If you have worked in the United States, you will need to file Form 8833 along with your 1040-NR tax return to disclose your treaty-exempt income. If you have received income from self-employment sources while abroad, seeking assistance from a tax expert is advisable.

Some digital nomad situations are more straightforward. For those who live and work in Canada, home office expenses can be claimed. You have the option to use the temporary flat rate method, which provides a deduction of $2 per business day for individuals who worked from home, or the detailed method, which requires authorization from your employer and calculations to determine the amount you can claim.


Navigating Tax Implications: From Full-Time Remote Worker to Digital Nomad

The rise of remote work has empowered many individuals to break free from traditional office settings and embrace a lifestyle of flexibility and adventure as digital nomads. However, transitioning from a full-time remote worker to a digital nomad comes with its own set of tax implications and considerations. In this blog post, we’ll explore the tax implications that full-time remote workers turned digital nomads need to be aware of to navigate their tax responsibilities effectively.

  1. Understanding Tax Residency:

    • As a digital nomad, your tax residency status can have significant implications on your tax obligations.
    • Factors such as the number of days spent in different countries and ties to a particular tax jurisdiction can determine your tax residency status.
  2. Remote Work and Tax Nexus:

    • Digital nomads may inadvertently create tax nexus (tax presence) in multiple jurisdictions by working from various locations.
    • Understanding the concept of tax nexus and its implications for income tax, sales tax, and other taxes is crucial for compliance.
  3. Tax Treatment of Remote Work Income:

    • Income earned while working remotely as a digital nomad may be subject to taxation in the country where the work is performed.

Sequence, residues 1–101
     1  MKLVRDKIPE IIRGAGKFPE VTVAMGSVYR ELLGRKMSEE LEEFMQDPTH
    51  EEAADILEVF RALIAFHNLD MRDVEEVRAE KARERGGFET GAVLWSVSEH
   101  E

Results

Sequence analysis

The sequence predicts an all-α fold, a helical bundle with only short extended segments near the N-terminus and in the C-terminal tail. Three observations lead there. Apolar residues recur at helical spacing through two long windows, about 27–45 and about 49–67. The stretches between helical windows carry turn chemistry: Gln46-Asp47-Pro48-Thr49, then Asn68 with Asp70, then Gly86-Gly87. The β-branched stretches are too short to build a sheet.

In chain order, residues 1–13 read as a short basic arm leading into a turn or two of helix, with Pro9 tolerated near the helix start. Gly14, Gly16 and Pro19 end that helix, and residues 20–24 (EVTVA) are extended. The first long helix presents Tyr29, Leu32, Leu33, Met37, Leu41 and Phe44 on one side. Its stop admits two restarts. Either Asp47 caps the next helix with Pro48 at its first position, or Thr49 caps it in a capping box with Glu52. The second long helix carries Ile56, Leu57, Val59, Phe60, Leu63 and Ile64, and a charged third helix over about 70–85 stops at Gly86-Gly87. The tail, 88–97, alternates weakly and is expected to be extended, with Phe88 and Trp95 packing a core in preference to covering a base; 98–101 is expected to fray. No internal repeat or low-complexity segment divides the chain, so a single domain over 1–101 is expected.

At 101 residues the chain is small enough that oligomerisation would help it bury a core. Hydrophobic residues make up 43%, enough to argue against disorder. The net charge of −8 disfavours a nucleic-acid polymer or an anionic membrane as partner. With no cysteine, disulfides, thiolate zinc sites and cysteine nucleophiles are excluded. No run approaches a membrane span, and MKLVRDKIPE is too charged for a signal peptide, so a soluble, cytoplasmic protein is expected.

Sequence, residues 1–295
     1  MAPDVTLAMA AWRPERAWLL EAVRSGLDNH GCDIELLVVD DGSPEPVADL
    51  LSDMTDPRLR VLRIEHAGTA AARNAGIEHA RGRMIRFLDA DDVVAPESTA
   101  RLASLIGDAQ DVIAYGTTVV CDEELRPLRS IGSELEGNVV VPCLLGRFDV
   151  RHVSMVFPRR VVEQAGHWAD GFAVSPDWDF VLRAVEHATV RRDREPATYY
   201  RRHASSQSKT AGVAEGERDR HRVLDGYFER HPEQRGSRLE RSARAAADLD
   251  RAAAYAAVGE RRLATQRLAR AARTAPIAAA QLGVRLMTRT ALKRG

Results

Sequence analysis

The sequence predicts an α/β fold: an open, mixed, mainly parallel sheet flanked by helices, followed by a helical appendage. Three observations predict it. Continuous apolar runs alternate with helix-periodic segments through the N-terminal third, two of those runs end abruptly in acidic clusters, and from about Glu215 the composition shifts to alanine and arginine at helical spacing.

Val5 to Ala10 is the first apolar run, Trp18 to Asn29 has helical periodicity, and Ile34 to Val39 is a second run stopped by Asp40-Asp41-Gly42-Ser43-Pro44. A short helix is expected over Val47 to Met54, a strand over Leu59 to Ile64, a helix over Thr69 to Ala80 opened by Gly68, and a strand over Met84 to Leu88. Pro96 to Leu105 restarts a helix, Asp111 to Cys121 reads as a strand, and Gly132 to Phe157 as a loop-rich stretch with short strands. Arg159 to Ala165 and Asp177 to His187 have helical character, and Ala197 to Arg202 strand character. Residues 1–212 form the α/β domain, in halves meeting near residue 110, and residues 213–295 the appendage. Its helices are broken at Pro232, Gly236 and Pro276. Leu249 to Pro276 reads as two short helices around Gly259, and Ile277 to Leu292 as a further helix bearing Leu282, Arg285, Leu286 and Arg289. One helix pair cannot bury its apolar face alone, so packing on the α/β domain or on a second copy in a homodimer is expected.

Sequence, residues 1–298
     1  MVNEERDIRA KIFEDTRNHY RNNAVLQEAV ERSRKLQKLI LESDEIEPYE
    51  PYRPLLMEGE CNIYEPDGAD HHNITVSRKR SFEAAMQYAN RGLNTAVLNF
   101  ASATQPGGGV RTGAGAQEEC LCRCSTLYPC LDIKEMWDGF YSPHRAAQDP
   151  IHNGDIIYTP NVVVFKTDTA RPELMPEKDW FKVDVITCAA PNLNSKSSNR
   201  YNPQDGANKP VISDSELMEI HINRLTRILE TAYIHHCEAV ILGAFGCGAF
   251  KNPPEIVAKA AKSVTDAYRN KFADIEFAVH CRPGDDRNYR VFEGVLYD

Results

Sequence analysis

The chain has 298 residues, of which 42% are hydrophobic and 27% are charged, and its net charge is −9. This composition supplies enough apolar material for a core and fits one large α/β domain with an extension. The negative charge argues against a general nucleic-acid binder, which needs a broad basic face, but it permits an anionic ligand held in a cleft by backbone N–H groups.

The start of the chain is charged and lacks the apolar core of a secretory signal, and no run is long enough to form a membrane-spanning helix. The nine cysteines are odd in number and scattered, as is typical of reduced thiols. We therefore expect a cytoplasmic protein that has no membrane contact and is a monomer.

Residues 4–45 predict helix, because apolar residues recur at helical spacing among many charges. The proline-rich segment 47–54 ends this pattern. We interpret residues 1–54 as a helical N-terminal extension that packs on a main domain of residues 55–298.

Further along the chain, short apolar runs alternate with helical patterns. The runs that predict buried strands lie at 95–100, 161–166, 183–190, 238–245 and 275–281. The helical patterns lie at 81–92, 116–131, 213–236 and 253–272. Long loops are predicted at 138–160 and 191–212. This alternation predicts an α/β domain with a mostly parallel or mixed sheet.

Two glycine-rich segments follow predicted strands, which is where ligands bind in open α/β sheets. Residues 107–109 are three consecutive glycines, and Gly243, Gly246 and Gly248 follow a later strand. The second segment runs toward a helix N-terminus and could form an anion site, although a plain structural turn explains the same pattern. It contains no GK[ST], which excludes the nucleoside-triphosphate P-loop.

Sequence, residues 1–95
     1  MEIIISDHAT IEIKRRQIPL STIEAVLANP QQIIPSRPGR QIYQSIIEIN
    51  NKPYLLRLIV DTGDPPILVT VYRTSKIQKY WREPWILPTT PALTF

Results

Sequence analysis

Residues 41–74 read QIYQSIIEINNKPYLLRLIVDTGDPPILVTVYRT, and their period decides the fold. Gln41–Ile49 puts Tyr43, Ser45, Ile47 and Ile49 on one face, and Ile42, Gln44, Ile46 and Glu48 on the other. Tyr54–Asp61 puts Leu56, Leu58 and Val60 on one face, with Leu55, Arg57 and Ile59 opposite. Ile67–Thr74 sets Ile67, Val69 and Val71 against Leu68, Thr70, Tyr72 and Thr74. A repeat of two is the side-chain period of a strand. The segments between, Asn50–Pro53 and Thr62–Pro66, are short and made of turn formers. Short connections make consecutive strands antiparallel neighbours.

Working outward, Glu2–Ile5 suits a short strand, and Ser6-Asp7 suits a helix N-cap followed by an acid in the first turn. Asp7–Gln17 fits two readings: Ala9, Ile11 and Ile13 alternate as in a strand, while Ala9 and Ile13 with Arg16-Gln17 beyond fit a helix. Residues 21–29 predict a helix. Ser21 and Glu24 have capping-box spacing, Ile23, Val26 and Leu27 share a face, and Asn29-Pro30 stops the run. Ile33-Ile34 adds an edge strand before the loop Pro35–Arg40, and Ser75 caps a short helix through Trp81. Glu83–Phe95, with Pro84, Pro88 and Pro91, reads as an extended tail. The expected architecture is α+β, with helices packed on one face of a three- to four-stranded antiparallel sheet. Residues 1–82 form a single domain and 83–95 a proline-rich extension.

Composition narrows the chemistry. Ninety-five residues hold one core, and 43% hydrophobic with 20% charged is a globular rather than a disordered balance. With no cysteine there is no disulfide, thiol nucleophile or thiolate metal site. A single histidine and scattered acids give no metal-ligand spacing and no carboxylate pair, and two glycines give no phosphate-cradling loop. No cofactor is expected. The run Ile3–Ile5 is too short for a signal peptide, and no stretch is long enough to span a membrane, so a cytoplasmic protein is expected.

• Double taxation agreements between countries may mitigate the risk of being taxed on the same income twice.
  4. Managing Tax Withholding and Payments:

    • Digital nomads may need to navigate varying tax withholding requirements and payment schedules in different countries.
    • Understanding how to manage tax withholding, estimated tax payments, and filing requirements can help avoid penalties and compliance issues.
  5. Deductions and Credits:

    • Digital nomads may be eligible for tax deductions and credits related to their nomadic lifestyle, such as travel expenses, accommodation costs, and certain business expenses.
    • Keeping detailed records and receipts of expenses incurred while working remotely can help maximize tax deductions and credits.
  6. Tax Planning and Compliance:

    • Engaging with tax professionals who specialize in international tax matters can provide valuable guidance on tax planning strategies and compliance requirements.
    • Regularly reviewing and updating tax strategies to adapt to changing circumstances and tax laws is essential for digital nomads.
  7. Residency and Citizenship Considerations:

    • Digital nomads may explore options such as residency or citizenship in tax-friendly jurisdictions to optimize their tax situation.
    • Understanding the implications of residency and citizenship on tax obligations, immigration laws, and personal finances is crucial before making any decisions.



Becoming a digital nomad offers unparalleled freedom and flexibility, but it also comes with unique tax considerations and responsibilities. By understanding the tax implications of remote work, tax residency, and international tax laws, digital nomads can navigate their tax obligations effectively while enjoying the benefits of a location-independent lifestyle. Seeking advice from tax professionals and staying informed about tax laws in various jurisdictions are essential steps to ensure compliance and financial peace of mind as a digital nomad.